Drug Education

HISD has the world's busiest sniffer dog

Houston school officials want to be very clear — the latest employees arrested for drugs were not teachers at a northwest side charter school.

Their desire to make the point clear is understandable, given that so many teachers and staffers have been nabbed for pot lately.

So let's emphasize — the two people arrested for drugs today are not teachers at the charter school.

Instead, they were a teacher and an administrator working at the neighboring North Region Office of HISD.

Who were working there because they had been reassigned for having earlier been found with drugs. (Today's lesson: ­Ballsiness.)

Not that the Inspired For Excellence Charter school is peachy keen: "The site administrator of the charter school, which is on the same property [as the regional office] requested the drug dog sweep three weeks ago," HISD spokesman Norm Uhl says. (There must have been some questions about how Inspiration was coming about.)

And he adds this, which is really great: "Since our drug dog has been busy lately following up on anonymous tips, the requested search was scheduled for today."

Ah, HISD — where the drug dogs are so busy there's a three-week wait to get them out to your school. Richard Connelly

A Day Without Drugs

Here it was, pushing hard towards3 p.m., and no one had yet been arrested on an HISD campus for drugs.

That didn't seem right, so we e-mailed district spokesman Norm Uhl.

Incredibly enough, he reported back that it was, indeed, true:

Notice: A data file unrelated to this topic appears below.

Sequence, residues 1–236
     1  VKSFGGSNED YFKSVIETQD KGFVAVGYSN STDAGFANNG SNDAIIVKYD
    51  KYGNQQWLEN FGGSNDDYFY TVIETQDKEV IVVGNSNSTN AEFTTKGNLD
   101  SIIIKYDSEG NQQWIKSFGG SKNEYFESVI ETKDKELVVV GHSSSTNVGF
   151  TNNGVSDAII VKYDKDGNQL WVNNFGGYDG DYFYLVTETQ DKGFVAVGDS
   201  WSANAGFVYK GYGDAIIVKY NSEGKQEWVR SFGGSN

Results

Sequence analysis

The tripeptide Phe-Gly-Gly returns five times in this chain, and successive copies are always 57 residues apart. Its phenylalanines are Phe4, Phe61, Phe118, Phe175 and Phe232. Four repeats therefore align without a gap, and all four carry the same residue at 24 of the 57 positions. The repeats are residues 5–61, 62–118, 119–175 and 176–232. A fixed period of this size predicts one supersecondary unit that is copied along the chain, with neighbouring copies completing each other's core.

"Just checking — anyone arrested for drugs today?" we had asked.

"No. The HISD PD K-9 Unit searched Young Elementary School at the request of the principal and found NO illegal drugs," he wrote back.

So big ups to Young Elementary School! (Staff motto: We Hide Our Drugs Better Than You.)

Then, bizarrely, Uhl decided to send out the information to everyone on the HISD media list.

So, for people who hadn't asked the question, we're guessing they have a nominee for Most Defensive Press Release. Or maybe Strangest Thing to Brag About.

Don't worry, though: There's always tomorrow.

Update: Uhl later said he had intended to issue the release anyway "just to see if finding NOTHING would actually be reported. You did. Thanks." — Richard ­Connelly

Those "Rescued Dogs" Are Dead Or Dying

When the feds and local law-enforcement agencies busted a big dogfighting ring a while back, there was much talk of the more than 100 dogs that had been "­rescued."

If by "rescued" you meant "Sent to Doggie Death Row," then they were indeed rescued.

A commenter to our item on the arrests said the dogs were being euthanized with "no temperament tests, no allowing rescues to assess them, nothing."

Is that true, Houston SPCA?

Well, the killing part is true, at least.

"These animals are bred from a long line of fighting dogs to be aggressive," Houston SPCA spokeswoman Meera Nandlal told Hair Balls this morning. "We have made the decision that they will be humanely euthanized."

She wouldn't answer our other questions, since being helpful with the media is apparently not necessary for a group that depends on public support.

The Houston SPCA, as we've noted, has a firm policy that it does not adopt out pit bulls.

While it's not likely all of the recently seized dogs were pit bulls, it was close enough, we guess. Craig Malisow

 
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